Juneteenth takes center stage at Crafted Culture Brewing

Anthony ‘Sizzle’ Perry Jr. on the evolving importance of the holiday and his attempt ‘to replicate everybody’s cookout in one spot’ at the Gahanna brewery this Saturday

Andy Downing
Columbus Alive
Anthony "Sizzle" Perry Jr. photographed at Crafted Culture

Growing up on the East Side, Anthony “Sizzle “ Perry Jr. recalled frequenting Juneteenth celebrations in Franklin Park, including one he attended with his grandfather, an ice cream distributor, who set up a cart and sold scoops to passersby, and another where he watched a performance by the pioneering Columbus rap group S.P.I.R.I.T.

Over time, these annual celebrations became a catalyst for Perry to dig deeper into the foundations of Juneteenth, which takes place on June 19 and commemorates the end of slavery in the United States. “I was 12 years old before I learned what Juneteenth was, so here I am, 20-plus years later, and I celebrate it much different than I used to,” said Perry during an interview at his Gahanna brewery, Crafted Culture, which will host a daylong Juneteenth event on Saturday, June 19. “Back then it was just like, ‘School’s out and here’s a reason to cook out and hang with my cousins.’ Now it’s a real celebration. It’s a day I can talk to my kids about real things that happened in life. It’s almost a resurgence of the griot (a storyteller, musician or oral historian in African culture), where you can sit down and tell the story, and where what was once taken away can now be recreated.”

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When Perry opened Crafted Culture in February, he never envisioned leading a Juneteenth celebration, initially establishing the business — the first Black-owned brewery in Central Ohio — with the more modest goal of creating a safe space within beer culture for he and his friends. But the early media attention, including national coverage from Bloomberg News and NPR, heightened the sense of responsibility Perry felt with running the business, which has since expanded on its mission. In recent months, Perry said he has worked to seek out as many Black-owned brands as he can find. “That shelf is 20 feet long,” he said gesturing at the liquor shelf behind the bar, “and I want to line that with 20 feet of Black-owned brands.”

Perry has also continued to advance the idea of the business as a safe space for those who have long been left on the outside looking in when it comes to brewery culture, including people of color, women and those in the LGBTQ community. 

“When I lock the doors at night, I’m thinking to myself, ‘Did every woman feel comfortable in here? Did she feel safe in here?’” Perry said. “‘Did every African American who came through the door feel like this place was created just for them? Did it feel like home? If anybody was in here from the LGBTQ community, did they feel welcome and comfortable?’ And I’m asking those questions every day.”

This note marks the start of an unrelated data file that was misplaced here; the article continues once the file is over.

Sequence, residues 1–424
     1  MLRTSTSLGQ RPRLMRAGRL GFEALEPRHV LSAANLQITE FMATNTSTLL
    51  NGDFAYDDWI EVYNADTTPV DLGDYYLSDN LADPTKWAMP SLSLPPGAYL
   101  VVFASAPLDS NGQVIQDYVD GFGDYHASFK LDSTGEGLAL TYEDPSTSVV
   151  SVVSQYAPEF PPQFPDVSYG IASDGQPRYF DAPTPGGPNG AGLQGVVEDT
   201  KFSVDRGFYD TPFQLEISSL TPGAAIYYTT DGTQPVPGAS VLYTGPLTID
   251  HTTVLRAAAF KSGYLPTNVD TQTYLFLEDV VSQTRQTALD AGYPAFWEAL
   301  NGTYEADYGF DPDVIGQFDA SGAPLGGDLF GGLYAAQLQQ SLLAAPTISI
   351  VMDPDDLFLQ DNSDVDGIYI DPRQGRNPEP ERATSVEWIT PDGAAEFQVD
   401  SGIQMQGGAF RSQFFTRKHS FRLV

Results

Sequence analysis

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Working from this point of view has impacted virtually every aspect of the business, from the products Perry chooses to carry to the holidays celebrated within the space. So while St. Patrick’s Day passed with barely a mention (“It doesn’t represent the people that I’m trying to reach"), Juneteenth is gearing up to be a spectacle that Perry summed up as his attempt to “replicate everybody’s Juneteenth cookout in one spot.”

In addition to a trio of food vendors that includes Cleveland’s Parker & Sons BBQ, Where It All Vegan, and G’s Flavor House, which will be doing an on-site fish fry, the brewery will also be debuting a couple of new beers, including a brew cask-conditioned with ethnic teas. There will also be on-site entertainment provided throughout the day, ranging from bands and DJs to an appearance by the East High School drumline, which will be performing to raise money for the band following a year financially devastated by COVID-19. “We’re going to give them the space,” said Perry, who views this kind of community outreach as an intrinsic part of the slogan adopted by the brewery, “Be[er] the change.” “It’s going to be our time, our facility, our resources, but lending those to people who can positively impact the community.”

In past jobs, Perry said there were times he was forced to hide aspects of his personality, or to code switch in an effort to better integrate, a weight from which he said he has finally been freed since opening Crafted Culture. “To unabashedly be myself is rare,” he said. “In my 30-plus years on Earth I’ve really only been able to do it this year.”

This includes openly embracing Juneteenth, a holiday which he was forced to request off in the past, but which he is looking forward to working this weekend, particularly in light of both the coronavirus pandemic, which prevented in-person Juneteenth celebrations in 2020, and the revitalized Black lives matter movement of the last year, which Perry described as echoing the spirit of Juneteenth.

“Sometimes you really need the sound of all the voices in the choir to make you feel the music,” Perry said of the collective uprising that followed the Minneapolis police murder of George Floyd in May 2020. “Everyone began to cry out in unison, and that was what made that voice so big. No one, after that, felt like they were doing it alone. And that’s part of what Juneteenth is, like, 'We’re out here now, and we’re free to function as a community, so let’s celebrate that day like that last few that got that message [that slavery had ended] and get out there and revitalize the excitement they had in that moment over and over and over.'”